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Amruddin Wali, a member of the Kunduz Provincial Council, said that the Goltapa and Chahar Dara districts of the province had fallen to the group after clashes between security and defense forces and the Taliban.
He also stressed that the group has taken control of all parts of ShirKhan commercial port in Imam Sahib district of the province. Shirkhan commercial port on the border with Tajikistan is one of the economic arteries of Kunduz. Commercial goods are transported through this port to Central Asian countries and vice versa. In addition, Taliban fighters control the districts of Dasht-e Archi, Qala-e-Zal, Imam Sahib, Aliabad and Khanabad in Kunduz.
Kunduz Provincial Council Chairman Mohammad Yusuf Ayoubi said that fighting had broken out in Kunduz and that the Taliban had intensified their attacks on the outskirts of the city.
Paktia province also reported that the Taliban had taken control of Ahmad Khel and Lajmangal districts in the province. Abdul Malik Zazai chairman of the Paktia Provincial Council, confirmed the news of the fall of the two districts to Etilat Roz.
As the districts fell to the Taliban, the group also claimed control of Jaghatu in Maidan Wardak and Maiwand in Kandahar. But local sources in the provinces denied on the day the districts fell to the Taliban.
Sharifullah Hotak, a member of the Maidan Wardak provincial council, said that clashes were taking place between the Taliban and government forces in the provincial capital, Jaghatu. He added that a number of these forces had surrendered to the Taliban.
He expressed concern that if the air support was not provided to these forces, Jagharu district would fall to the Taliban. The Taliban had previously taken control of the Rim and Jalriz districts of the province.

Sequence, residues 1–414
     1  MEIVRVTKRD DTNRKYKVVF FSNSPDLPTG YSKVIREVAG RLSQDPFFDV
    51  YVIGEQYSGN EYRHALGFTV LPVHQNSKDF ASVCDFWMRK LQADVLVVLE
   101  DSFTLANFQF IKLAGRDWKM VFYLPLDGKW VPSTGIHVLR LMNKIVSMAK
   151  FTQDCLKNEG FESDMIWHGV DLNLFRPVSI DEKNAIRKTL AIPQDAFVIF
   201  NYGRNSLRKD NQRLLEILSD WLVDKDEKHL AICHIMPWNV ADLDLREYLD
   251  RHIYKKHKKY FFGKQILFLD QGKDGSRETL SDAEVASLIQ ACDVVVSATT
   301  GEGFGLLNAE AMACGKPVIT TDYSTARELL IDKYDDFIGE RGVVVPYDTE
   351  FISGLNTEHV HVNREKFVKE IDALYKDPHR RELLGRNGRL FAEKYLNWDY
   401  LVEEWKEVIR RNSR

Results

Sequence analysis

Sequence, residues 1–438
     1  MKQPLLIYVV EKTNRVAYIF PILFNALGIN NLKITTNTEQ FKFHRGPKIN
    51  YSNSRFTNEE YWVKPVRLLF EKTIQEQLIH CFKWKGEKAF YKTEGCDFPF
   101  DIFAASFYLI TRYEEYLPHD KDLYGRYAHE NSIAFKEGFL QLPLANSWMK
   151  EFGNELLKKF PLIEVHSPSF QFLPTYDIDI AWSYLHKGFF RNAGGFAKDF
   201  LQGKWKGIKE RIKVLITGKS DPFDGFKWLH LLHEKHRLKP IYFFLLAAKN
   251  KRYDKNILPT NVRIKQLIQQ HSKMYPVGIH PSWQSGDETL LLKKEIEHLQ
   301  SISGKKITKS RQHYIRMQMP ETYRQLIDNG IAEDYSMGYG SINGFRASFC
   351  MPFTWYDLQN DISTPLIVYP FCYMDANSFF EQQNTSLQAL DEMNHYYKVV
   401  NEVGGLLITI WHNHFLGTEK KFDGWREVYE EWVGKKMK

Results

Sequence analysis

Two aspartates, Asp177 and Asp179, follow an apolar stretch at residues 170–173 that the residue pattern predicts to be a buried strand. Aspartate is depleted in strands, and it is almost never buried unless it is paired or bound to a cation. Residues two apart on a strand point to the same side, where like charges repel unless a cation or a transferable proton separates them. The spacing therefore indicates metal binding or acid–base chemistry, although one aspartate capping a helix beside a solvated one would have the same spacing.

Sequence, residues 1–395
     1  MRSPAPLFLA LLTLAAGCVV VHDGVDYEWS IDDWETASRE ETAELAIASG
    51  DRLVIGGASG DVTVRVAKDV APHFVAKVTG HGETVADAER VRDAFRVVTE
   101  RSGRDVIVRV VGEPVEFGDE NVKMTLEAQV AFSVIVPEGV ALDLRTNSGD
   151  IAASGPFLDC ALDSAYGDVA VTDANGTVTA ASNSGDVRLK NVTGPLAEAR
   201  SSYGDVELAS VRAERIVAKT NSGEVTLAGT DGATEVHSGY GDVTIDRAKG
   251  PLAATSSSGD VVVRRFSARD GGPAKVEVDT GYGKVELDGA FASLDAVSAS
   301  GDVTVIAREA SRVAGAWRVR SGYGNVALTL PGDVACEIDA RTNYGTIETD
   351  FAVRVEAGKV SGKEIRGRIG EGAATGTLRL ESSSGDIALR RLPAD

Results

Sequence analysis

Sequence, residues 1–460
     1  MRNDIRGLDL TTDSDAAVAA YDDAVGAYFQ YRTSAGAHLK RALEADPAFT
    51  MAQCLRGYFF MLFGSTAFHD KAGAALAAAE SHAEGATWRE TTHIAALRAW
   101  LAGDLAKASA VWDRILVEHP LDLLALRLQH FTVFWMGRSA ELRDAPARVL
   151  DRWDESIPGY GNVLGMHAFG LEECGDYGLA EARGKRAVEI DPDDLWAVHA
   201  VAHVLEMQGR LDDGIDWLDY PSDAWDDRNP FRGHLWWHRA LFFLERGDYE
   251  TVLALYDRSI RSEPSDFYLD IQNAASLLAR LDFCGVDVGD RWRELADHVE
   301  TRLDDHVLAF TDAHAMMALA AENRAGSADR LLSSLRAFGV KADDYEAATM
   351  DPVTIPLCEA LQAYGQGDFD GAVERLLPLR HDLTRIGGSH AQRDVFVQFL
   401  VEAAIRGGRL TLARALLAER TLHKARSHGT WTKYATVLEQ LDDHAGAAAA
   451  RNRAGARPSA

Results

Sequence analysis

Also, Ahmad Shah Khan, a member of the Kandahar Provincial Council, said that clashes were taking place between the Taliban and government forces in Maiwand district. He said that the group had already cut off telecommunication networks in Maiwand and that there were enough government troops in the district.
Meanwhile, the Ministry of Defense (MoD) announced that the Aliabad district of Kunduz province was retaken from the Taliban moments ago.
Fawad Aman, deputy spokesman for the Ministry of Defense, said on Tuesday that the country’s security and defense forces had recaptured the Aliabad district from the Taliban by carrying out purge operations.
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The Deputy Spokesman for the Ministry of National Defense said that the advance of the security forces in Kunduz continues.
Government forces recaptured Doshi and Balkh districts from the Taliban overnight. The Taliban, however, says no districts have been taken back from them.
Security sources in Kunduz confirm that the Taliban have seized parts of ShiKhan port.
Meanwhile, Sarwar Danesh, the second vice-president, has said that for more than two years, the Taliban and its supporters have been raising the slogan of peace and gained relative international legitimacy with the help of some other countries.
Danesh posted a note on his Facebook page saying that the Afghan government, which increasingly saw peace as a national necessity for Afghanistan before the Taliban, welcomed the slogan; but the Taliban have so far proved by their actions that they have not the slightest belief in peace and will accept nothing, but monopoly.